Earlier this year, during a visit to rural Zimbabwe, I met Victor digging in the middle of the dry Mudzi riverbed. Kneeling in the dirt next to him, I asked what he was doing. “Digging for water,” he said. He had indeed been digging for about an hour, he explained, and managed to draw about half a gallon of dirty water.
Like millions of people in Zimbabwe, and tens of millions across southern Africa, Victor was struggling to survive in the midst of a terrible drought, influenced by one of the worst El Niños on record. As I write this, an estimated 40 million people are affected, with 23 million of them likely to need emergency assistance before the end of the year. It is a truly desperate situation that has occurred in near silence, with little of the attention and resources needed to reduce its impact.
Humanitarian needs are growing at an extraordinary pace – a historical pace – and are outstripping the resources that are required to respond. That is a familiar refrain, but one that sadly is worth repeating here. It goes some way to explaining why the situation in Zimbabwe, one that is both despairingly sad and sadly predictable, has come to pass. The human suffering has been lost amongst the conflicts and mass displacement around the world that dominate the humanitarian landscape.
‘Business as usual’ is no longer acceptable. It will only lead to further silent suffering as more and more people exhaust all coping mechanisms and are left to fend for themselves without the help they so desperately need.
This is by no means a new idea, but the widening gap between available resources and persistent, urgent needs in southern Africa, the Sahel, the Horn, across South and South-East Asia, and in many parts of Latin America, makes it more compelling and more urgent than ever before. If we are to break this cycle of crisis-response, and make real progress towards the Sustainable Development Goals and disaster risk reduction, the answer is not just better response: it must also be fewer people in need. A focus on resilience should not replace or undermine the humanitarian imperative that demands that all need is addressed directly and with dignity.
Effective and efficient response will always be needed, and should be wholly defended. Resilience and response are not at odds with each other. Building resilience is a logical extension of the humanitarian imperative. Our shared humanity compels us to go the extra mile to reduce the scale and impact of shocks and stresses, and to help communities to recover better and stronger. This is about more than creating a new way of working, it is also about finding a new way of working together. Building resilience requires partnerships – with communities, local humanitarian actors, development agencies, governments and with the private sector. It forces us to go beyond our institutional priorities, step out from our silos and to commit to working together in a spirit of true collaboration.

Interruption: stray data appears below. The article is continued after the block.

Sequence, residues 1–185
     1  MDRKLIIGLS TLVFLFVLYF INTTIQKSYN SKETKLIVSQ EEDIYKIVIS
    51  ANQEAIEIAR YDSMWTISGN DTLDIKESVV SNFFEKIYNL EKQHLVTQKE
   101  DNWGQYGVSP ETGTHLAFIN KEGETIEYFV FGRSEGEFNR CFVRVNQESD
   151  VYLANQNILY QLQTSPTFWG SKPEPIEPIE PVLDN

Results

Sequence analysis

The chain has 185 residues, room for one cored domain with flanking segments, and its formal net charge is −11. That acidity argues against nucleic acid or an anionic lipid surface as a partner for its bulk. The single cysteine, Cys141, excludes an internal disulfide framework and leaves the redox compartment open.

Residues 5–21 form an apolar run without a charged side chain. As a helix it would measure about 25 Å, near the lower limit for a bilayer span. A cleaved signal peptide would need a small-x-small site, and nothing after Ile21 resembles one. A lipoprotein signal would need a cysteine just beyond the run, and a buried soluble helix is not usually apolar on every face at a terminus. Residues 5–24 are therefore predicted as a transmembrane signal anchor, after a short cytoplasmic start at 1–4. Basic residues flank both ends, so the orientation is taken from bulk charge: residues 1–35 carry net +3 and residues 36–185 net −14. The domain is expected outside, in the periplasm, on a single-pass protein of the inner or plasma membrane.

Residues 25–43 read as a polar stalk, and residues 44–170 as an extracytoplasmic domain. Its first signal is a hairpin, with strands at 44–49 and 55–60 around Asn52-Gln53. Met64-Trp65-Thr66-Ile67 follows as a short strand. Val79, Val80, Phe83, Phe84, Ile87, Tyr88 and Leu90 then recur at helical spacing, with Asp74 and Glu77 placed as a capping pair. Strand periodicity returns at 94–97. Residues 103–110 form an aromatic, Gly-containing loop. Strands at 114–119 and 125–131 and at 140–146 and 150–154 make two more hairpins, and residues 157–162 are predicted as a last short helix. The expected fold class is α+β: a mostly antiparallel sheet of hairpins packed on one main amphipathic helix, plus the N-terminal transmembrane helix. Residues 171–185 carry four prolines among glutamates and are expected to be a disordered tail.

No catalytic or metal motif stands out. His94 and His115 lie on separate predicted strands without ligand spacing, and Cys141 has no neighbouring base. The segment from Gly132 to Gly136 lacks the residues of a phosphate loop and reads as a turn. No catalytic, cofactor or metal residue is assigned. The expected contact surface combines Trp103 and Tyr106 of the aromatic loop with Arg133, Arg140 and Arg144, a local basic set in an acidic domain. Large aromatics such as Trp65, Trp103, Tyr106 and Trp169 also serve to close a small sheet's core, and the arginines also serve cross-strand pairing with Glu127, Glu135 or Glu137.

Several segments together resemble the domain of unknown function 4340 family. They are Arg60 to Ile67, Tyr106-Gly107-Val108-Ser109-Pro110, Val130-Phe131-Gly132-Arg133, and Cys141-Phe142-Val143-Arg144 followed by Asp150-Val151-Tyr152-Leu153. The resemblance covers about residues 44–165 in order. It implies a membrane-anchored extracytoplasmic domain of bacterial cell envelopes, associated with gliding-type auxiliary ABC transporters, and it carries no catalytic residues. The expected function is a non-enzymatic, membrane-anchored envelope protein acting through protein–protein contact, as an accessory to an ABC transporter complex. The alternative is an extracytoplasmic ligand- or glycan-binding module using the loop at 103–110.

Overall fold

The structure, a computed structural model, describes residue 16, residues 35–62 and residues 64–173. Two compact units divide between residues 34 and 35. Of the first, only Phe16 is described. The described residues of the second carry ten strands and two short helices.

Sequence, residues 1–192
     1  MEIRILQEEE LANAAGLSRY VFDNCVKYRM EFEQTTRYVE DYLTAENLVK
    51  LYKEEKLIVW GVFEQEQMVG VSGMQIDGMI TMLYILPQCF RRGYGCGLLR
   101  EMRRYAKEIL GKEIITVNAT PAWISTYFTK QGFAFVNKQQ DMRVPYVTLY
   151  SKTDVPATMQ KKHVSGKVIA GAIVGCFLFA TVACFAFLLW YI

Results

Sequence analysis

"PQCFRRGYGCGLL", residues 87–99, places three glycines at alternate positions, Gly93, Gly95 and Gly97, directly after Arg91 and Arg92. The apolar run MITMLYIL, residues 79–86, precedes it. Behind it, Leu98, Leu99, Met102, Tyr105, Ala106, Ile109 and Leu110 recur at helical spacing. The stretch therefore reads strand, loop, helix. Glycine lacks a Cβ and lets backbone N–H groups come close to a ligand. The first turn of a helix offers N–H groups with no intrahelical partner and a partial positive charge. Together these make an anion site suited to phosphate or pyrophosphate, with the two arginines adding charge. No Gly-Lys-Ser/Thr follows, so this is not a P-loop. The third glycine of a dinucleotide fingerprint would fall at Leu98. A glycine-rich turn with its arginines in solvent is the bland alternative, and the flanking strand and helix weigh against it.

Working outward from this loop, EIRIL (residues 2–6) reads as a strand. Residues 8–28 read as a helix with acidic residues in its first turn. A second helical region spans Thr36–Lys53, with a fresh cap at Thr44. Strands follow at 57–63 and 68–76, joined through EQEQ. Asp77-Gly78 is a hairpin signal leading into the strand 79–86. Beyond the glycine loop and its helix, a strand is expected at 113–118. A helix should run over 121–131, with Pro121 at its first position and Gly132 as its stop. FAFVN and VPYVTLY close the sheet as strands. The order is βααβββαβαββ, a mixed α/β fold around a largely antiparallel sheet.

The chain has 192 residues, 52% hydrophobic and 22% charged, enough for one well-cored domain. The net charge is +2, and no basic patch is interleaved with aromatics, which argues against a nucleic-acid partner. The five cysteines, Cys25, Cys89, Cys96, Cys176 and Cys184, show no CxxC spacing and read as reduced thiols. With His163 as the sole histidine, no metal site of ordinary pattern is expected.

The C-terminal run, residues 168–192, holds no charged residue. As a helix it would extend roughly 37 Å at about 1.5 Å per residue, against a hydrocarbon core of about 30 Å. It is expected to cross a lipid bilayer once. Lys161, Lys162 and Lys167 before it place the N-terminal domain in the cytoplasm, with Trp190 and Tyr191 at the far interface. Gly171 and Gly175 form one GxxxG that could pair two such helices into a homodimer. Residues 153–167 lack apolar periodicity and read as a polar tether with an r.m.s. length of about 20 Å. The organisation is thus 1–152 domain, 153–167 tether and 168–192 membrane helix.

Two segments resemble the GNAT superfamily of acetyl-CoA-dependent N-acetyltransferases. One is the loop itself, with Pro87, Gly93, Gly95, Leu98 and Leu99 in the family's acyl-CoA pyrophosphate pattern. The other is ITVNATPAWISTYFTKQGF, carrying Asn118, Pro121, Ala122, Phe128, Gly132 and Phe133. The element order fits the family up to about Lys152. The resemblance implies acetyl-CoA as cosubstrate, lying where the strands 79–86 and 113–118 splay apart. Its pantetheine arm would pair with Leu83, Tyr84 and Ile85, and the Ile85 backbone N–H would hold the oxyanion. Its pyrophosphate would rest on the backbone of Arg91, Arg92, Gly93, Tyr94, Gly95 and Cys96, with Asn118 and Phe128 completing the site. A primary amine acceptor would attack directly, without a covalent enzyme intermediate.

This thinking is at the heart of the “One Billion Coalition for Resilience”, an initiative which was launched by the IFRC in late 2015 that aims to transform the state of resilience in the world. By creating networks of caring individuals, motivated communities and like-minded organizations from all sectors, the IFRC and its partners will support 1 billion people to take action that builds resilience by 2025. This report calls on us to adopt ‘resilience thinking’. All our interventions, at all points along the humanitarian continuum, must seek to strengthen resilience. This must be backed by funding for resilience. Barriers to investment need to be identified and overcome.
This brings us back to Victor in the dry riverbed in Zimbabwe. He was not passively waiting for authorities or aid groups to provide assistance. With the limited resources that he had, he was taking action. But it wasn’t enough. This is what resilience is about: empowering people to help themselves. It is about putting our plans and efforts at the service of their initiatives and their capacities. We must step past the artificial divide between humanitarian action and development, and constantly be there on the side of communities to accompany them into a future less fraught with risk and vulnerability and defined more by their own interest and capacity to thrive.
Chapter 1: Making the case for resilience
Humanitarian need has reached unprecedented levels and the aid sector is struggling to cope. Raising more money to meet ever-increasing need is not going to be adequate to handle future crises. Counting the number of people we reach is no longer a sufficient measure of success. Something must change. Pre-disaster investments must be taken more seriously to stem the increase in the number of crises.